Victory. On Wednesday morning, after a two-day standoff in Mexico City, Sikh American actor, designer and activist Waris Ahluwalia boarded an Aeromexico flight back home to the United States.
Sikh Actor Is Allowed to Fly Home to U.S. Wearing His Turban
The airline initially barred Ahluwalia from flying because he refused to remove his turban, an article of his Sikh faith. But after Waris took a stand, calling for better sensitivity and training regarding passengers with religious headwear -- attracting a ton of media attention in the process -- Aeromexico relented.
After spending two extra days grounded in Mexico City, Ahulwalia was allowed to board a new Aeroméxico flight without removing his turban for a security check. In addition to issuing an apology to Ahluwalia, the airline agreed to initiate staff training about how to deal with passengers wearing religious head coverings.
On Monday, Ahluwalia was prohibited from boarding the 7:15 AM Aeroméxico flight from Mexico City to New York City. After being flagged for a secondary security check, he was held back until all other passengers had boarded while security personnel searched his bag, swabbed him and patted him down.
When they asked Ahluwalia to take off his turban, he refused.
"I responded matter-of-factly that I won't be taking off my turban," Ahluwalia told the New York Times. "It is a symbol of my faith. It is something that I wear whenever I am in public."
An airline employee told Ahluwalia that he would not be getting on his flight, or any other Aeroméxico flight, until he met their security demands. So he missed his flight and immediately contacted the Sikh Coalition, which quickly devised a campaign to address the violation of Ahluwalia's civil rights.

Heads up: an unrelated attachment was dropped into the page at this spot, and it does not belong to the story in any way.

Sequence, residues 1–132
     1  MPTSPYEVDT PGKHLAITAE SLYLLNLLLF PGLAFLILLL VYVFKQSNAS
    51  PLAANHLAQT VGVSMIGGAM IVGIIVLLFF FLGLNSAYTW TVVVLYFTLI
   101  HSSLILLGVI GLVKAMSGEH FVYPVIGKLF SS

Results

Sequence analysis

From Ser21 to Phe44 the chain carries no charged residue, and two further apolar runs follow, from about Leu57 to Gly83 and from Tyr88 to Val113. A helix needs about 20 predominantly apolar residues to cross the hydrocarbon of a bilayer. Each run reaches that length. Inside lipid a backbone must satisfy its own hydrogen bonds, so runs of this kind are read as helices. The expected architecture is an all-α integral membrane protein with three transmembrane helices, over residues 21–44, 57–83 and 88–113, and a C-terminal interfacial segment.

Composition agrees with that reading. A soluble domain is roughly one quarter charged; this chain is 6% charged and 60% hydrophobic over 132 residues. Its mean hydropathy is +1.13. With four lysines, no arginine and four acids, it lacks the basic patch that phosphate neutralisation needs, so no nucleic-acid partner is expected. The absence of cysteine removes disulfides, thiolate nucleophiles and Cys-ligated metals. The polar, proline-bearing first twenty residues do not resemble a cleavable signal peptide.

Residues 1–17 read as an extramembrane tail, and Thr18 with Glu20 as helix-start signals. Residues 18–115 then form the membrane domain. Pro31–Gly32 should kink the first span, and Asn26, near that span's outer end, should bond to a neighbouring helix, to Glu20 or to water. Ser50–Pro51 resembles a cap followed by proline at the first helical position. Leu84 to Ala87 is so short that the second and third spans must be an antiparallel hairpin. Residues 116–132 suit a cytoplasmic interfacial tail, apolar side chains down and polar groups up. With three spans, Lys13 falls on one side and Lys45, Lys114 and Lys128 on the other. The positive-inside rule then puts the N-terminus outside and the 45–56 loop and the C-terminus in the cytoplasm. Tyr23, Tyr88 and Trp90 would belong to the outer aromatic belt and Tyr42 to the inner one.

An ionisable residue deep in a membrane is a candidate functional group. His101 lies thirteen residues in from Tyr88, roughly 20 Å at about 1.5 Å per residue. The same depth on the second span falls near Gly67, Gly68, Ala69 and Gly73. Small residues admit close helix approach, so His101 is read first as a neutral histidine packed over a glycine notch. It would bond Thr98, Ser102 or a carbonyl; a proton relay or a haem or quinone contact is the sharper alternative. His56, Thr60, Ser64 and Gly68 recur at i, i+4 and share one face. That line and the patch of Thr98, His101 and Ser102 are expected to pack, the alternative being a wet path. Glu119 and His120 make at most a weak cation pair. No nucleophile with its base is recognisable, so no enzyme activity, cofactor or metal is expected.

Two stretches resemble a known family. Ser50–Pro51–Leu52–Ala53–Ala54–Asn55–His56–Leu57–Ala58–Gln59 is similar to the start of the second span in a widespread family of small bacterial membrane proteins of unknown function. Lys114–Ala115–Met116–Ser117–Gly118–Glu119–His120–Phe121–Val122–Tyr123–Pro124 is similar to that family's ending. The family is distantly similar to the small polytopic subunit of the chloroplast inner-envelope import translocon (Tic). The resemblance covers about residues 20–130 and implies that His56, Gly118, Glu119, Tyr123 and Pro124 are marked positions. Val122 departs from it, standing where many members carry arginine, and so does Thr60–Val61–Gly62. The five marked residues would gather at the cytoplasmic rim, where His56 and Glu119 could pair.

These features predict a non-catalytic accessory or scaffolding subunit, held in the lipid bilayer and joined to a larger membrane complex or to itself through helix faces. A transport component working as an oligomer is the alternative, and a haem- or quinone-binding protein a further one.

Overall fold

In addition to sharing his story with over 600 media outlets, the Sikh Coalition contacted Aeromexico on Mr. Ahluwalia's behalf, submitted a detailed complaint letter to their legal counsel and engaged in extensive negotiations over the past two days. They requested a public apology, Sikh awareness training for airline employees, and training on protocols for screening passengers with religious headwear.
Mr. Ahluwalia refused to make other arrangements on another airline and decided instead to remain in Mexico City until the Aeroméxico responded to his demands. This was about more than just a personal inconvenience. The incident became an opportunity to highlight both his mistreatment and that of Sikh Americans and other minority groups in the current climate of fear.
Late Tuesday night, the Sikh Coalition received confirmation that Aeroméxico had accepted their demands.
"In addition to publicly apologizing for Mr. Ahluwalia's mistreatment, Aeroméxico has issued a directive to its staff regarding the religious significance of the Sikh turban and plans to make a formal request to the TSA and the Mexican government to implement religious and diversity sensitivity training regarding screening of passengers with religious headwear into airport security training curriculum," said Harsimran Kaur, legal director of the Sikh Coalition.
"We apologize to Mr. Waris Ahluwalia for the unfortunate experience he had with one of our security guards during the boarding process," Aeroméxico said in a statement. "This incident inspires us to make sure that we strengthen the customer service protocols of our safety personnel in respectful accordance with the cultural and religious values of our customers."
As for Waris' flight home, everything apparently went smoothly. He did not have to remove his turban for secondary screening, made it through security, and flew back to New York City without incident. And everybody's hopefully a little bit wiser.
Waris apparently even made friends with two Aeroméxico pilots.
The Sikh Coalition says it also plans to contact the U.S. Transportation Security Administration to demand clearer and consistent guidelines for foreign airlines when screening passengers with religious headwear. Sikhs are not required to remove their turbans during domestic travel unless the article of faith triggers an alarm, and only then as an option of last resort and in private. Foreign airlines that fly into the U.S. -- and must comply with TSA procedures -- should be subject to the same rules.
More here: #StandWithWaris Campaign Leads to Airline Training & Global Education